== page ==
Seasons of Wildlife

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Estuaries feature labyrinthine tidal creeks winding through shallow marshes, prairies of eelgrass growing on broad mud flats, and a tremendous variety of cover types providing protection and critical habitat for numerous species, whether they're shorebirds and ducks, salmon and salamanders, or clams and shrimp and worms burrowed in the mud. No matter the season, estuaries are teeming with lifeboth above and below the surface.

  • Spring

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    Flocks of migrating birds and waterfowl swell the ranks of resident and overwintering populations. Some stop only briefly on the estuary to feed and rest, soon resuming their migration north to Arctic breeding areas. A few linger longer before heading farther north, while others remain to join resident populations that will court and build nests in the marshes, meadows, and forests on the fringes of the estuary. Most will be rearing fledglings by season's end.

    Some estuaries are host to spring migrations of anadromous fishes, moving through on their way to freshwater spawning grounds. Spring Chinook Salmon usually arrive in May, and American Shad from late April through May. 

    Look also for early-blooming plants brightening the wetlands, including skunk cabbage and Siberian spring beauty, at left.

  • Summer

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    On the marshes and backwaters of the estuaries, Mallard, Wood Duck, and merganser parents trail trains of fuzzy ducklings behind them. Ospreys hover and dive on their day-long fishing forays, nabbing meals for their hungry and growing broods.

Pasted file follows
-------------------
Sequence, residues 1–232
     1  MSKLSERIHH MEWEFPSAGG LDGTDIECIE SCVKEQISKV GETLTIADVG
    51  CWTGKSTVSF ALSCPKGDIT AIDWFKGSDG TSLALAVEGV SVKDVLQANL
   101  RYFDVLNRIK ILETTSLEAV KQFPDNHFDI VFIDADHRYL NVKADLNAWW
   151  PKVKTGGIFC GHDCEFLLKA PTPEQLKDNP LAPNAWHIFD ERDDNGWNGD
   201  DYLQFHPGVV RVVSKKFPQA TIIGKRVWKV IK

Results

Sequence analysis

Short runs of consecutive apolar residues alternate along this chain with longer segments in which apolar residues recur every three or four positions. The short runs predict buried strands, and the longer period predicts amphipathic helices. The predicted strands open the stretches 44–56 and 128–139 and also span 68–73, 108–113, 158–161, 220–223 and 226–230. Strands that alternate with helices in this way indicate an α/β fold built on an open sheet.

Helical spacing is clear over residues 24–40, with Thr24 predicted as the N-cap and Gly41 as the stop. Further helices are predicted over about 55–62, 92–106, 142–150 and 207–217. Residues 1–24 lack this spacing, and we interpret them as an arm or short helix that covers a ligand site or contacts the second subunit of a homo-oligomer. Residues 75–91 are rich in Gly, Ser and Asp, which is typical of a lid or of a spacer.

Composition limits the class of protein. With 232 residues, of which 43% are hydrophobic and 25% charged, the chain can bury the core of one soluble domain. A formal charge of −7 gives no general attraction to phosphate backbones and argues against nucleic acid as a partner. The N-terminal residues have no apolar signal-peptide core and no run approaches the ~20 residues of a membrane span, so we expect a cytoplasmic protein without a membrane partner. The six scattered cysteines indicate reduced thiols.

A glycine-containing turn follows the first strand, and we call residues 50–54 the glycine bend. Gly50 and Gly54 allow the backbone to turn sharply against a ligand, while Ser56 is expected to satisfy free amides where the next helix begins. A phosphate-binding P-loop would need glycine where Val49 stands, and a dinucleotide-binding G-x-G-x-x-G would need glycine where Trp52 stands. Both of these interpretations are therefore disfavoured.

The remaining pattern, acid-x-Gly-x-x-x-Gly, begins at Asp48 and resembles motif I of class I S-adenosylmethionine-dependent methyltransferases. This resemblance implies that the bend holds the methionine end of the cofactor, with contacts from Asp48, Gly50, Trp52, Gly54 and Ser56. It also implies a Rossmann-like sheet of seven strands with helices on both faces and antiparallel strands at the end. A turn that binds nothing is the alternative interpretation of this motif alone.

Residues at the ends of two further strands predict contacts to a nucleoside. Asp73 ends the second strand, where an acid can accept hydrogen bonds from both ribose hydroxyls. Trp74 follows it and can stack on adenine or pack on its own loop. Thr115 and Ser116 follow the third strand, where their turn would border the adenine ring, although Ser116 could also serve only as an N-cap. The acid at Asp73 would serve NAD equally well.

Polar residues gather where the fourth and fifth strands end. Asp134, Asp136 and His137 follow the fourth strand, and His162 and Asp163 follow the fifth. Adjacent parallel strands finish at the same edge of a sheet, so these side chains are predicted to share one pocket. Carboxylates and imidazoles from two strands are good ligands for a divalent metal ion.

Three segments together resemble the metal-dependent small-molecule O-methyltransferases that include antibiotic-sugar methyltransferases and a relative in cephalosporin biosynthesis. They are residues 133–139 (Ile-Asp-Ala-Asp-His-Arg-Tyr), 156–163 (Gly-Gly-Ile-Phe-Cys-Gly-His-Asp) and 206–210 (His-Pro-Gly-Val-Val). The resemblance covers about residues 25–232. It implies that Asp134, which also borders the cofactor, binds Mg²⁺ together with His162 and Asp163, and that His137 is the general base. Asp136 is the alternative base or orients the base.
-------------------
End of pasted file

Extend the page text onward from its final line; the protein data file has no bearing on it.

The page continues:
Returning Brown Pelicans, so graceful on the wing, make crashing spectacles of themselves when they spot forage fish swimming below. They tuck their wings, stretch their necks, and simply let gravity take its course. They're a summer delight, and their numbers are increasing along Oregon's coastal bays and estuariesa hopeful sign for a species nearly wiped out in the 1970s by DDT poisoning.

  • Fall

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    Thousands of shorebirds migrate along the Oregon coast in the fall, using estuaries as stopover habitat to feed and rest. Shorebird numbers peak from August through September as they fly south to wintering areas. Of waterfowl, tiny Green-winged Teal are often the first to show up, usually in September, in their sporadic, darting-and-diving flocks. The first bad weather up north drives other dabblers downthe Mallards, Pintails and Gadwalls. After Thanksgiving, diving ducks pour in with every storm front.

    Raptors such as Sharp-shinned Hawks monitor the estuary's margins, alert to unsuspecting prey birds. Bandon Marsh is an excellent place to watch migrating shorebirds and waterfowl.

  • Winter

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    Sea ducks, waterfowl and shorebirds such as the Wilson's Snipe at left are abundant during the winter. Common species include Surf, White-winged and Black Scoters, Buffleheads, Common and Pacific Loons; and Western, Horned and Red-Necked Grebes. Estuaries host wintering ducks, geese, and a variety of raptors. Beyond the Coquille River delta westward, Gray Whales can be seen migrating south along the coast in December and January on their journey to calving grounds in the coastal lagoons of Baja Mexico.